Whether he wants to admit it or not, Bret Hart needed Shawn Michaels. And whether or not Shawn believes it, he needed Bret just as much. The intense distrust, the backstabbing and the flat out hatred they had for each other is well chronicled in wrestling history. Books and documentaries have been published on the subject. And now, it's all over.
The fact that Bret came back for one last Wrestlemania moment says a lot about him as a person. It says that he has finally reached a point in his life where he can look back fondly on his time in the WWF without having his unceremonious exit ruin it. That's a good thing. He's an old man now and the last thing he needs to be doing is clinging to how Vince McMahon did him wrong. For a fifty-something year old stroke victim he looked just fine last Sunday, not doing a whole lot of actual wrestling but simply beating McMahon with a steel chair for what seemed like an hour. We all knew he physically couldn't do much, and while the whole "HART FAMILY AS LUMBERJACKS" stipulation was kind of lame and confusing, the fact that the match ended with Vince tapping out to the Sharpshooter made it worth it. In fact, given the fact that Bret's glory hogging brother Bruce and legitimately insane brother Smith were involved in the match and managed to not ruin it or get the WWE sued by someone is a minor miracle. Was it a technical marvel? No, but as a means to bringing closure to a decade old wound that Bret has refused to let heal, it more than sufficed. I'm not going to question Bret's loyalty to his dead brother Owen by again working for the man who was responsible for his death. That's a matter only Bret can address. But I will say that if Owen was the loving, caring man that everyone who knew him says he was, the last thing he'd want is for his brother to keep carrying around emotional baggage. I choose to believe that Owen would want Bret to be happy and for him to finally close the door on his feud with Vince.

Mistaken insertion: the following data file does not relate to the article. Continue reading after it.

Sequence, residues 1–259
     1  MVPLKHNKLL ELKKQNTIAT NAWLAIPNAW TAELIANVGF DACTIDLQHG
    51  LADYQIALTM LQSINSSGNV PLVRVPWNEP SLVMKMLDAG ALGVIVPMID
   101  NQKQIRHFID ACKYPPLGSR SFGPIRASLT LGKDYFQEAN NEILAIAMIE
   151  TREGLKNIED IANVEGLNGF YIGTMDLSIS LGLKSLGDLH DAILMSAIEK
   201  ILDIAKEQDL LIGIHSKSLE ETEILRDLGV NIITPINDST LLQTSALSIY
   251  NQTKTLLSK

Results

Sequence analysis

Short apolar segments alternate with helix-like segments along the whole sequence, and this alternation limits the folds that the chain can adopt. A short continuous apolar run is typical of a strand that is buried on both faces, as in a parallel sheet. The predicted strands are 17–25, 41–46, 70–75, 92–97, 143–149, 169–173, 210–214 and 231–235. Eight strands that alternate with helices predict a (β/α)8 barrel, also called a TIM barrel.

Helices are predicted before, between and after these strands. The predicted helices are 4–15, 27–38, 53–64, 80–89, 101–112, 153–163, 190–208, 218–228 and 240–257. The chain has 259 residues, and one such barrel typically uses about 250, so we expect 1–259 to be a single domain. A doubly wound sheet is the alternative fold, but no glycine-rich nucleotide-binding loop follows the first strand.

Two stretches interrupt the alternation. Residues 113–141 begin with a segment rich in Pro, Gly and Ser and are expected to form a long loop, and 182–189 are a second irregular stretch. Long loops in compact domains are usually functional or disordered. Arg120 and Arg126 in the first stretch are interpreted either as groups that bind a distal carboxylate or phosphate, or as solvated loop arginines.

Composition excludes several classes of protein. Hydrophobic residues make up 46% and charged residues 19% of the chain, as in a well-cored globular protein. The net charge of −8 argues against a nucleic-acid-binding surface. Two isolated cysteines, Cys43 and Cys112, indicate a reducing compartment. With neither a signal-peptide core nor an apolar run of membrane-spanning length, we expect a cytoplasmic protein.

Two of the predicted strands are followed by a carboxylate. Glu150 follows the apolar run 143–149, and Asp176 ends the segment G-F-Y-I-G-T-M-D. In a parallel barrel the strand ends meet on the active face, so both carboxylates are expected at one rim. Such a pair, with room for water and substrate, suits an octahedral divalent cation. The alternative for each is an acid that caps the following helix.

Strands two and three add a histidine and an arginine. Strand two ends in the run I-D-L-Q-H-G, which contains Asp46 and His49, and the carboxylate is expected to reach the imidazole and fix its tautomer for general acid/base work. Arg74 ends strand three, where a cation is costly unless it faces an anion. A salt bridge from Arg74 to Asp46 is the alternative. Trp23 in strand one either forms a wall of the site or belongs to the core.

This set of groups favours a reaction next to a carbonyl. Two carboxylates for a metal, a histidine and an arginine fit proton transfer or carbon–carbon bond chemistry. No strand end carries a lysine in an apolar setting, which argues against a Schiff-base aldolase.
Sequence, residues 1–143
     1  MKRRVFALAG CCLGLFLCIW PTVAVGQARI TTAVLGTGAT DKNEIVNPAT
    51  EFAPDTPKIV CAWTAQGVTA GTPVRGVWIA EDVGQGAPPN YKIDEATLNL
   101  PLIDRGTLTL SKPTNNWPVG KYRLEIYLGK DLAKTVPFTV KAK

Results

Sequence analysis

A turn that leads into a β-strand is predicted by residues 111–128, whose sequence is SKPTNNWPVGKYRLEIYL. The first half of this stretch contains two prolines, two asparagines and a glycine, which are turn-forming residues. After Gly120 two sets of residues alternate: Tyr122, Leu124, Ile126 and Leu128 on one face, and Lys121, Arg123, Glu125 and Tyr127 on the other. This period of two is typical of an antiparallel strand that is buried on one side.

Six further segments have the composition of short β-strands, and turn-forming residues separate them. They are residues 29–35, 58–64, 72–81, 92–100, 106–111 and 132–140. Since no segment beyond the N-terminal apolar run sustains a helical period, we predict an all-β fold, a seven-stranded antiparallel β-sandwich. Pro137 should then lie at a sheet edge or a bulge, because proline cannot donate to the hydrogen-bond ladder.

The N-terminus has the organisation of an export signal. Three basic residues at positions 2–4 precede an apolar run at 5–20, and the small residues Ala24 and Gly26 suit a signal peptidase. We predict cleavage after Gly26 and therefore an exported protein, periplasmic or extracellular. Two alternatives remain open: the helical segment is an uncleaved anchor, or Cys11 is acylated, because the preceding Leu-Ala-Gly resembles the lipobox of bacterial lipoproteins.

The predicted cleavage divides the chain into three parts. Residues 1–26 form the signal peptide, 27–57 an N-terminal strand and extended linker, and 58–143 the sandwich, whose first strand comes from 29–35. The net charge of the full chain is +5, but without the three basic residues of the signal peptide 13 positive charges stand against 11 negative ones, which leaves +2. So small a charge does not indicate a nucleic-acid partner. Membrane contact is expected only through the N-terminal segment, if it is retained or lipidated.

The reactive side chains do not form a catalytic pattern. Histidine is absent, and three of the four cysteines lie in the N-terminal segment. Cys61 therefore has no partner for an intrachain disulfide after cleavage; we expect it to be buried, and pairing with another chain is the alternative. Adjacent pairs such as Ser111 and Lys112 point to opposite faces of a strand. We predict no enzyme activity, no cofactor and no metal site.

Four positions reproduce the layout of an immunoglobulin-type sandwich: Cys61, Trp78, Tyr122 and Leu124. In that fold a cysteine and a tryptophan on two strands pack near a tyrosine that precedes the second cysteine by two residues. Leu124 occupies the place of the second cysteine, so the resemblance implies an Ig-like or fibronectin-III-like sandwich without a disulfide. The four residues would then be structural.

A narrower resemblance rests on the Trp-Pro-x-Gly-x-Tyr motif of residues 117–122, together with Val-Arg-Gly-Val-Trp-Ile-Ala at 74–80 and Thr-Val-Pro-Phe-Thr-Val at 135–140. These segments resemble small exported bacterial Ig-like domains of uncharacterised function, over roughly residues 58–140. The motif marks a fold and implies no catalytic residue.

In wrestling it is nearly impossible to believe a wrestler when they say they're retired simply because most wrestlers are con men. Their business is more or less one gigantic con, with the audience (for the most part) being in on it. Wrestlers retire and un-retire all the time. It's simply a symptom of being a professional liar. Yet somehow, for reasons I am not sure of, I believe Shawn Michaels when he says he's done wrestling. He's about to turn 45 and has done pretty much everything one can do in his chosen profession. By all accounts he's managed his money well, so the paycheck just isn't an enticement for him anymore. He seems content with what he's accomplished, and now is the perfect time for him to walk off into the sunset and spend time with his wife and kids. And while he's already retired once before, this time it feels different. The first time he walked away from the sport it was due to a back injury. His career was taken from him. He was an angry man with drug problems and had nothing to fill his life outside of his career. Without wrestling he had nothing. He was nothing. This time around he has his family. Whether or not you choose to believe that he's really a different person now than he was in '98 is up to you. I choose to believe he is a different person and that this time the retirement will stick.
It really is appropriate that Shawn and Bret had their last matches on the same show. They both brought out the best in each other. I'm glad to see that they're at a point now where they can at the very least be cordial with each other. I was always afraid of Bret becoming a bitter old man, like Bruno Sammartino. The last thing I want to see is a 60 year old Bret raving out on a shoot interview with some indy promoter. This is how it needed to end. The time was right and the execution was right. Two legends who rose to prominence together putting the finishing touches on their careers together. I couldn't have written it any better myself.